EgyptAir company announced Wednesday, suspending its flights to Erbil [the capital city of Iraqi Kurdistan Region] since Friday, following receiving notice from the Iraqi General Establishment of Civil Aviation to suspend flights, as a response of the Monday independence referendum.
Following the referendum, Egypt has expressed its concerns towards the outcome, calling upon all parties to engage in political discussions, while stressing the importance of Iraqi integrity
In a new escalation following the Kurdistan independence referendum, During a session in the Iraqi Parliament, Iraqi Prime Minister Haider Al-Abadi said on Wednesday, that the federal government will control over Iraqi Kurdistan as well as all Iraqi regions.
Al-Abadi added that all Iraqi citizens are partners and no one has the right to take unilateral; decision, warning that the return to the racial and nationalist rhetoric is a crime against citizens, asserting that Kurdish people [in Iraqi Kurdistan] are Iraqi nationals and will remain.
On Tuesday, Al-Abadi gave the Kurdistan Regional Government (KRG) 72 hours until 3:00pm local time (12:00 GMT) on Friday to hand over control of its airports to the federal government.
In a televised speech, Al-Abadi threatened to impose and air embargo on KRG if not follow the federal orders. Also, Al-Abadi announced halting direct air flights to Erbil and Sulaymaniyah Kurdish airports. The new Iraqi measures come as a response on the outcome of the Iraqi Kurdistan Monday independence referendum.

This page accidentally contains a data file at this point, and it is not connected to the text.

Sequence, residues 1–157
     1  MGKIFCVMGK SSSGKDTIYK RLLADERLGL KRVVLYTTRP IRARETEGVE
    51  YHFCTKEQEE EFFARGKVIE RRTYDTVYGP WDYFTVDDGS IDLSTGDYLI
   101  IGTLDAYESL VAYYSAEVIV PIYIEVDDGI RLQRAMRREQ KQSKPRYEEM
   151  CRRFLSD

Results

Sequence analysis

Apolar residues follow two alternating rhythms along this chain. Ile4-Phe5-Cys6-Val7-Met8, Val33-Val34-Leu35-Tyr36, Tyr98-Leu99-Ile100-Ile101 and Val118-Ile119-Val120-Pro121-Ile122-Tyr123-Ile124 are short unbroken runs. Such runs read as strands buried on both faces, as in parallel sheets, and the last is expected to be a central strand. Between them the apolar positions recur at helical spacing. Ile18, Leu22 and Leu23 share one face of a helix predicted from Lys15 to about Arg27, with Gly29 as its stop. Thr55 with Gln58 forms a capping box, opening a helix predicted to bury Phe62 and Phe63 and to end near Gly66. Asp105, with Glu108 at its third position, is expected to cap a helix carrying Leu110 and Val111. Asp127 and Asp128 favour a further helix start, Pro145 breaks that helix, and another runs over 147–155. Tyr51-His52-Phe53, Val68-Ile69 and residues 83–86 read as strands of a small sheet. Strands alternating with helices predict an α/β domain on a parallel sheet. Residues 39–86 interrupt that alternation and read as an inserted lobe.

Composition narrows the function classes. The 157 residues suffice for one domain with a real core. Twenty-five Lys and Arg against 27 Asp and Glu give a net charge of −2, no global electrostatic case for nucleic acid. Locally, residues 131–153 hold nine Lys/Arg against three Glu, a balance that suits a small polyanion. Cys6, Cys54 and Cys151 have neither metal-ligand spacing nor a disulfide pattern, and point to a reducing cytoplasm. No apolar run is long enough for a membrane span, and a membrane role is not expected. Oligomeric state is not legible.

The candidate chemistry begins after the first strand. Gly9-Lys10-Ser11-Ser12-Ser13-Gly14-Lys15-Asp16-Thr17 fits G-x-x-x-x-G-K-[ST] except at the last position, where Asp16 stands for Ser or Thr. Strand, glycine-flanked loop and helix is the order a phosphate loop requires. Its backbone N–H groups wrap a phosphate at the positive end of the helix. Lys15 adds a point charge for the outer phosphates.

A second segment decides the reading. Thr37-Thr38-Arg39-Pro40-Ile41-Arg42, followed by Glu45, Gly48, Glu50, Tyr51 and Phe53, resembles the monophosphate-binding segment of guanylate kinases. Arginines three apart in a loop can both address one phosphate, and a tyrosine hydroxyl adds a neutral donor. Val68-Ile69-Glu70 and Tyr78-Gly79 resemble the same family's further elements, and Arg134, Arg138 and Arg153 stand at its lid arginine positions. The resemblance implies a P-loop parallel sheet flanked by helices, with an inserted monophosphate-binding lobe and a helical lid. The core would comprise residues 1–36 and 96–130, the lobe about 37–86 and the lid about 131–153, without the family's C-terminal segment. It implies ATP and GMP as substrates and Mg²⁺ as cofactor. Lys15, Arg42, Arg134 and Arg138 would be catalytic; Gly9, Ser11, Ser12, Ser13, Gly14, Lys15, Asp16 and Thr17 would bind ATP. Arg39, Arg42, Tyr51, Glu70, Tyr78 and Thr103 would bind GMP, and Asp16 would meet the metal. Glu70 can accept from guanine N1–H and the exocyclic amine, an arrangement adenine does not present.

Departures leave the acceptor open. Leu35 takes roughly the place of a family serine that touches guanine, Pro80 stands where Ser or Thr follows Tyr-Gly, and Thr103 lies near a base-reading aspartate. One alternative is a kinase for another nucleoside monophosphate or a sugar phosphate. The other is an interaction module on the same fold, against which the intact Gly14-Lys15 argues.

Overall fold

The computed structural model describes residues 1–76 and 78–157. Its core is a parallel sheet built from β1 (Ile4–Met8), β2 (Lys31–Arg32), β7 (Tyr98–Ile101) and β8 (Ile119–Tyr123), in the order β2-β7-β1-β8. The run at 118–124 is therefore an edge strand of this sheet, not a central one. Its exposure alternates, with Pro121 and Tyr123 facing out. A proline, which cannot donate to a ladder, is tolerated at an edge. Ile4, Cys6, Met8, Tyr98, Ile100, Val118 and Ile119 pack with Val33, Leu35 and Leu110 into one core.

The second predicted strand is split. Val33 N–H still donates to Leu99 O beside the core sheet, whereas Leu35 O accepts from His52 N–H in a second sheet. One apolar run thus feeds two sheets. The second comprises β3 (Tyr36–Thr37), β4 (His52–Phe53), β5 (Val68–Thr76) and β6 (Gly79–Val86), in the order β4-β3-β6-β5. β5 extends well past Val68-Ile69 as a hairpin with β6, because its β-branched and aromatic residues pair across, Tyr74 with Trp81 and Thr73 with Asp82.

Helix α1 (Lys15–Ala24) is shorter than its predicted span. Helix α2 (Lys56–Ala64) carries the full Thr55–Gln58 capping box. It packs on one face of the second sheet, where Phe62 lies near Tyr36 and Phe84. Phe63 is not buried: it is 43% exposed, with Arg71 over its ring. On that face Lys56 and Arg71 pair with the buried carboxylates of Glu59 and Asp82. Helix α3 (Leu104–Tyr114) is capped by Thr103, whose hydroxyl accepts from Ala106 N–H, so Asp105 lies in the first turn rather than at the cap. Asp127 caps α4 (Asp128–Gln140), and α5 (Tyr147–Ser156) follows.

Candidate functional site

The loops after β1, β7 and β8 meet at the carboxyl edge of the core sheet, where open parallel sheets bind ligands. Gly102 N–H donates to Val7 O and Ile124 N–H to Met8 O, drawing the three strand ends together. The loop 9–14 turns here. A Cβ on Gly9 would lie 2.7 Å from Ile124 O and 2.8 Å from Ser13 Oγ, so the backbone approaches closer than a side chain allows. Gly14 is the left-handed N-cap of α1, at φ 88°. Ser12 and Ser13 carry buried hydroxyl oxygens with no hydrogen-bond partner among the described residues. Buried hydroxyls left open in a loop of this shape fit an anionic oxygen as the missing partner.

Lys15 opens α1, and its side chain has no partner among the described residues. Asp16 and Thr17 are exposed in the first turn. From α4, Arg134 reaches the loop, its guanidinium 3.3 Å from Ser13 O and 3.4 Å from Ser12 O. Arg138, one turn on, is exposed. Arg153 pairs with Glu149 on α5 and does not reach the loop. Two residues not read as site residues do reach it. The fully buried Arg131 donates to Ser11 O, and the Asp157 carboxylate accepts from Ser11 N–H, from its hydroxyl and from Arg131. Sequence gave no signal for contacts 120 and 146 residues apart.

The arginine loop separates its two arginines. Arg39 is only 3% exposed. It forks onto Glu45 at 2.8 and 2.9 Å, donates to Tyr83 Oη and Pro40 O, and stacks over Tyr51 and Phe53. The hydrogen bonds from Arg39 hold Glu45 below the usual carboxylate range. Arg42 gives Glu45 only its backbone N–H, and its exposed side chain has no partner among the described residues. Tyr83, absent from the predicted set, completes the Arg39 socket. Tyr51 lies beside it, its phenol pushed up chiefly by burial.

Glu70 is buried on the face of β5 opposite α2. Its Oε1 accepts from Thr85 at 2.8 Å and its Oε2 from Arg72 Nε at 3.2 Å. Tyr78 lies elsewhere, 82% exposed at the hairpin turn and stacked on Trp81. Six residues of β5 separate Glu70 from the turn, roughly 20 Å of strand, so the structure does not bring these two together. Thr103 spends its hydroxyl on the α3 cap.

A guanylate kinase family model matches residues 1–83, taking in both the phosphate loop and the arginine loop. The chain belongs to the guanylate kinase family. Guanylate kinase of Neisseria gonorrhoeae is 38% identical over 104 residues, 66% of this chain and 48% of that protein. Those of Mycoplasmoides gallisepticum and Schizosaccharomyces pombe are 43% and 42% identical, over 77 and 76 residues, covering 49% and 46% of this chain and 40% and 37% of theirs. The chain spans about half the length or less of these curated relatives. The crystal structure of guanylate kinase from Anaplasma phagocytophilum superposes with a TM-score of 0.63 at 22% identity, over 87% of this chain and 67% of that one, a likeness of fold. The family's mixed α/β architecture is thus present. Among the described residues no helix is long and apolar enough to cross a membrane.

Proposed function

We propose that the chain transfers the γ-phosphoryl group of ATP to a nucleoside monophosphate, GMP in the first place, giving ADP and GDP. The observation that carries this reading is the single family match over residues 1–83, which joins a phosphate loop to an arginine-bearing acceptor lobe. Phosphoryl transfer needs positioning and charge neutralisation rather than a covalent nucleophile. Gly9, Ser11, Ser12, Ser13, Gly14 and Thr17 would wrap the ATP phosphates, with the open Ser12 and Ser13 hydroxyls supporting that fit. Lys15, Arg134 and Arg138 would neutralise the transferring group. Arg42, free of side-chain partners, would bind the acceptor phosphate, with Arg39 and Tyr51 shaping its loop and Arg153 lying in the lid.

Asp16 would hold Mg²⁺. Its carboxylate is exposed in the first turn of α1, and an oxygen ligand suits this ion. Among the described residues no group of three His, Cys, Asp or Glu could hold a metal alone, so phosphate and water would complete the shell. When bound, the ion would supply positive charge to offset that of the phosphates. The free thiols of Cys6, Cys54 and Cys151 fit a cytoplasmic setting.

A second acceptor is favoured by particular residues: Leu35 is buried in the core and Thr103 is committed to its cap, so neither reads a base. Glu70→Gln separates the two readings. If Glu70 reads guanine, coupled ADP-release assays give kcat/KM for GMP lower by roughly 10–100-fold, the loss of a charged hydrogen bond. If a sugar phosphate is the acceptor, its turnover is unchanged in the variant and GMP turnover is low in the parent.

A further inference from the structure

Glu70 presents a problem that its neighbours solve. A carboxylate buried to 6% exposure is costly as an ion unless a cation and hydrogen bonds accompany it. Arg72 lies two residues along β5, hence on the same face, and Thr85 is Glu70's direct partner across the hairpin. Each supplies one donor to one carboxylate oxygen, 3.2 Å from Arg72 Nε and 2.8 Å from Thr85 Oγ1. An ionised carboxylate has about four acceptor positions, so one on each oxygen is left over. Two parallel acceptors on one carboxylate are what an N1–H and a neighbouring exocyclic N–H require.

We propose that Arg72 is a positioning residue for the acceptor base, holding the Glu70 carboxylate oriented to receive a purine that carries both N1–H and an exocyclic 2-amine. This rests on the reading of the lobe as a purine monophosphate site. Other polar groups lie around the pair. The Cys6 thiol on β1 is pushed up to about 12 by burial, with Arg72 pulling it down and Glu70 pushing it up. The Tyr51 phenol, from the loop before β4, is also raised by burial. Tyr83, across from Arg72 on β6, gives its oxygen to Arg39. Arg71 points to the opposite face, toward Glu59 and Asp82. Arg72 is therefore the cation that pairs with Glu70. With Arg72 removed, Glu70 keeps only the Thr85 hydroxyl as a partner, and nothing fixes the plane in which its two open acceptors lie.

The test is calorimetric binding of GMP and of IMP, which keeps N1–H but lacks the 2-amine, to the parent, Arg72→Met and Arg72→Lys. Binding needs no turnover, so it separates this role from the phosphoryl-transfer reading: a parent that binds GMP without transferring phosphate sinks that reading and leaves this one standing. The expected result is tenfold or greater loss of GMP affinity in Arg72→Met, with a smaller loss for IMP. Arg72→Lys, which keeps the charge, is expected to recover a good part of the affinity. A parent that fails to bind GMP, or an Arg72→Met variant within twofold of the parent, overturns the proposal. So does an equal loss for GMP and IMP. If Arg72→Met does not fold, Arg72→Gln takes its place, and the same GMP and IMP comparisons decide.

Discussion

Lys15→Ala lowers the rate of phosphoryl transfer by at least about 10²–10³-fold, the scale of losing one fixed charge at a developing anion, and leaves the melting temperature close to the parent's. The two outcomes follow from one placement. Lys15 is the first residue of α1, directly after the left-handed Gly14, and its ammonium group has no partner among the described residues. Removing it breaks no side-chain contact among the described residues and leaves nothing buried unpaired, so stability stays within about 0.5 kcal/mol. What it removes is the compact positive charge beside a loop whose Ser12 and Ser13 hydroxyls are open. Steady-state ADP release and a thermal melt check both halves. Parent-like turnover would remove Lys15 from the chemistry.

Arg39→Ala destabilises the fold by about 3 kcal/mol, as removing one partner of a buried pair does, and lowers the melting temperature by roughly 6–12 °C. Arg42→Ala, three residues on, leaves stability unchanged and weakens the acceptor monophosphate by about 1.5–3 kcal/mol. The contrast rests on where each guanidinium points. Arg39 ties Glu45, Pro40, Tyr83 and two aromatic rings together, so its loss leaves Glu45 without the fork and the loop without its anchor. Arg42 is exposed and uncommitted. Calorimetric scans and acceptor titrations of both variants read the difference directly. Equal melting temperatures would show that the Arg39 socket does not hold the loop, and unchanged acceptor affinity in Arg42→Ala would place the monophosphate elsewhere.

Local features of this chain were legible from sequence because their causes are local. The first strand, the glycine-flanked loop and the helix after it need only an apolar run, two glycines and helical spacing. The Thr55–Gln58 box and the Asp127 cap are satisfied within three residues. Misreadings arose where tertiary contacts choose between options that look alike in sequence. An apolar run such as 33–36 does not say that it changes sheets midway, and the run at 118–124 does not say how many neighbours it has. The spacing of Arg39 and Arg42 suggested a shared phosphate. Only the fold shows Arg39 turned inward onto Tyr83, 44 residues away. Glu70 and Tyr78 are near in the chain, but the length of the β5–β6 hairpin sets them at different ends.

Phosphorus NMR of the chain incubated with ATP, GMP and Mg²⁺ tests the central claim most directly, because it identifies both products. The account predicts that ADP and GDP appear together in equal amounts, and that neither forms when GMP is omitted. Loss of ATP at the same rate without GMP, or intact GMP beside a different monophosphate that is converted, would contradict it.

In an additional step, Al-Abadi announced that the federal government will control all crossing borders in Iraqi Kurdistan.
There are main five crossing borders in Iraqi Kurdistan, two with Turkey and three with Iran.
On Tuesday, President of Iraqi Kurdistan Region (KRG) Massoud Barzani announced Tuesday that Iraqi Kurds had voted “yes” to independence in the Monday referendum, calling on the federal government in Baghdad for dialogue.
“We might face struggles, but we will win,” Barzani said in a televised speech. He also called on the international powers to “respect the will of millions” who had voted in the referendum.
Barzani argued that the federal government did not commit to the Iraqi constitution and broke its promises. He stressed that KGR’s choice is peace with Baghdad and neighbouring countries.
Professor of National Security at the Iraqi Al-Nahrain University, Hussein Allawi justified the Iraqi measures following the referendum, saying it come in accordance with the Iraqi constitution, and implementing the resolutions of both the Iraqi National Security Council and the cabinet.
Allawi believes that the new measures in airports will be for administration only not to punish the Iraqi Kurdish people, same in the case of oil fields and border crossings, as well as spreading federal military and security forces in the disputed areas to impose law and to keep the civic peace.
“The military action is excluded till now,” expects that some escalations might happen following implementing the federal measures.
The expert believes that the tune of the KRG started to change and requested dialogue, but the federal government is clear in this regard, no talks until the KRG cancels the Monday referendum results.
“It would not be in its [KRG] favour if it decided to escalate,” Allawi added.
Regarding the neighbouring countries that expressed anger about the referendum, Allawi said that limits of intervening [from Turkey and Iran] will be coordinated with Baghdad, and Baghdad is very cautious about the national security and safety of Iraqi people including Iraqi Kurdish.
Other regional powers did not welcome the referendum, such as Iran which placed missile systems on its borders with Iraqi Kurdistan, on Tuesday. Spreading the missile systems came following Iranian statements rejecting the referendum.
In Ankara, the Turkish president Recep Tayyip Erdoğan described holding the referendum as a betrayal which would lead the region to “war”. Erdoğan warned of taking sanctions against the KRG, including the military option.